Poor driving major issue for police

| 15/01/2020 | 120 Comments
Cayman News Service
Inspector Dwayne Jones, head of the RCIPS Traffic and Roads Policing Unit

(CNS): The number of cars on the road, tourists unfamiliar with driving on the left, a legacy of poorly engineered roads, too many foreign licence holders, or even a lack of enforcement have all been blamed for the traffic chaos the Cayman Islands is enduring, but the police say it’s all about poor driving. Inspector Dwayne Jones, head of the RCIPS Traffic and Roads Policing Unit, said drivers here need to take responsibility for their behaviour on the roads, which is fuelling the problems.

Speaking to CNS about the traffic situation and concerns about road safety that his team deal with daily, Jones said the idea that police are not enforcing the law is not true. Officers stopped and ticketed or prosecuted more than 1,300 drivers last month, which he said was a huge number.

“That really is way too much,” he stated, as he denied that his officers were not doing all they could to sanction those breaking the traffic laws. He said his officers were on the ground and working hard to enforce the law, but they cannot be everywhere. The level of poor driving, he explained, is such that it can’t be just about the police.

The traffic unit is dealing with, on average, at least ten collisions every single day as well as dozens of infractions, from illegal tint to people using mobile phones behind the wheel. But Jones said the main two issues causing the serious collisions are speeding and drunk drivers.

“Drivers must take responsibility for improving the quality of their driving and general courtesy on the roads,” he said. “They need to slow down, pay more attention and stop getting in their cars when they are drunk.”

Jones said that the primary concern for the police is saving lives and general road safety; they are not just looking to prosecute as many people as possible.

“Enforcement is part of our efforts to make the roads safe and we will continue that, but it’s not the only part. We are also focusing heavily on education and awareness in an effort to get drivers to take responsibility for their own poor driving.”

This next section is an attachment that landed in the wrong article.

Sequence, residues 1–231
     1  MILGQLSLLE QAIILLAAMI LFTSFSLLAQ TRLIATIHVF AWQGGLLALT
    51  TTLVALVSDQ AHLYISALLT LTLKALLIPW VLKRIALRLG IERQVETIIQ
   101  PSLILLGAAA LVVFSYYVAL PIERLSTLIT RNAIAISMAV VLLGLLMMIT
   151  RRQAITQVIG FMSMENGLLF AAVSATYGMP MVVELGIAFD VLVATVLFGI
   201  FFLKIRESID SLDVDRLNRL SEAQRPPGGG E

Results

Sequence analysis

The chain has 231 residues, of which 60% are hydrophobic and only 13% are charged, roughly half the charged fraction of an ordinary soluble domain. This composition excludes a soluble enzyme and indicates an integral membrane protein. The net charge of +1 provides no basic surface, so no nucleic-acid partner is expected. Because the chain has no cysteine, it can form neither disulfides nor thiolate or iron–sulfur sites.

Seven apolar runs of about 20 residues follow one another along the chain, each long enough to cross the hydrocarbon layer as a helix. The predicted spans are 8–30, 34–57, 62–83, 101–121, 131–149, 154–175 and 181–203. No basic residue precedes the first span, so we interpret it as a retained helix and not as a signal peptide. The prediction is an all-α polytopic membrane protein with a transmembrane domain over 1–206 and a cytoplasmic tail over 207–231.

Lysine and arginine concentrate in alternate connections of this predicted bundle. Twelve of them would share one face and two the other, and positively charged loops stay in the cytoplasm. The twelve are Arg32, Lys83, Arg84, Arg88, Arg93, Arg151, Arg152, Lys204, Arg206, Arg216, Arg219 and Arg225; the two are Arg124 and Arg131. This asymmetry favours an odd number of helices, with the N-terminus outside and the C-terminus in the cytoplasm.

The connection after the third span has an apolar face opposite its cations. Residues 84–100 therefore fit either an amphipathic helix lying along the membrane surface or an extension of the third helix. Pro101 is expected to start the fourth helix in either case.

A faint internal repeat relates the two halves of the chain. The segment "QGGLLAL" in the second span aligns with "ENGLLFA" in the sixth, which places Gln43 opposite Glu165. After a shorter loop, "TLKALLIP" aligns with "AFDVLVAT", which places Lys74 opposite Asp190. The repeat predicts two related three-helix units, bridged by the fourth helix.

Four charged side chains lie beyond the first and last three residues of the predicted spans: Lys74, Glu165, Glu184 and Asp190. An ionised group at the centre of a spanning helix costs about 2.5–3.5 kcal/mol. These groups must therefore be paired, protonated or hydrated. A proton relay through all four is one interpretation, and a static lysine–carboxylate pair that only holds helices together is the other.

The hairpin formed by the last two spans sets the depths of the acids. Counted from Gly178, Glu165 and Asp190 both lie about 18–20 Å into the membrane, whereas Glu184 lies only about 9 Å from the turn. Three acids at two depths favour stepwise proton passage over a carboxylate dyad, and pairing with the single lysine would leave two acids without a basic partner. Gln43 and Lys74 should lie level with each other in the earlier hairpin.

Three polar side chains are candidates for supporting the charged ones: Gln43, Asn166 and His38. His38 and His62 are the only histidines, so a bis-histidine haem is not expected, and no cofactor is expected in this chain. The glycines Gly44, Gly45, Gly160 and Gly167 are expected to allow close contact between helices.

The senior officer said drivers must pay more due care and attention on the roads to reduce the traffic collisions and the congestion which everyone is worried about. “Drivers need to do some self assessment,” Jones told CNS, as urged everyone using the road to be more aware of what they are doing.

With a complement of 16 active officers, Jones has discussed expanding the unit with the commissioner, who, he said, is doing what he can now to increase the headcount. But Jones said technology can also help; radar and speed cameras on the road can be the virtual eyes of the police when the officers are elsewhere.

However, with or without an increase in his team or a rollout of more technology that could help curtail the bad driving, his officers will continue to be on the ground, pulling over those drivers not heeding the warnings to take more care and improve their driving habits and seizing every opportunity they get to educate all road users.

Jones noted that the fines can be pretty stiff and difficult to pay.

“No one likes to lose money, so stop giving your cash away unnecessarily,” he warned drivers, because that is exactly what is happening when they are ticketed or prosecuted for things that could easily be avoided.

Putting down the phone, keeping to the speed limits, wearing a seat belt, being courteous to other road users and paying the necessary attention will ensure they are not paying the courts instead, Jones advised.

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Category: Crime, Police

Comments (120)

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  1. Anonymous says:

    Omg!! I may be 65yrs now but bring me back into the Traffic Dept., RCIPS.
    Then you’d see a difference in these violators.

    • Anonymous says:

      Oh hi, is this Kerney Gomez? Dial-up your hearing aid, your buddies have already appointed you as the next fall guy for the Port, and you’re going to be rich! Retirement saved!

  2. Anonymous says:

    Could the NRA please paint arrows on the road lanes leading from the direction of town into the roundabout at Lantern Point to tell drivers going to Shamrock Road ( ie past Ocean Club) NOT to go into the left hand/outside lane on the roundabout which should only be used for going onwards to the by pass road going to Newlands and not all the way round to Shamrock Road? Thanks.

    • Anonymous says:

      The NRA is another dept that needs a big shake-up. Is there anyone in charge right now? Is there even a senior supervisor? No designated bike lanes. Poor illumination on West Bay Road. A multitude of random new cross-walks that lead to a forest with no sidewalk(?). Malfunctioning lights. No speed limit signage. No roundabout instructions for visitors, poor signage on how to get from airport to hotels. Dangerous road geometry and physics-opposing line striping. Random lane closures. 3 lanes funneling suddenly turning into 2 or 1. Someone signed off on all of these obvious misfires. That person needs to be called back to the boardroom and fired. Is that person Joey Hew, or is it some DART executive that’s hijacked the entire department, and reshuffled all the priorities? We have all-hands-on-deck walls being built that weren’t even part of any version of the NRA agreement. The whole dept seems to be corrupted.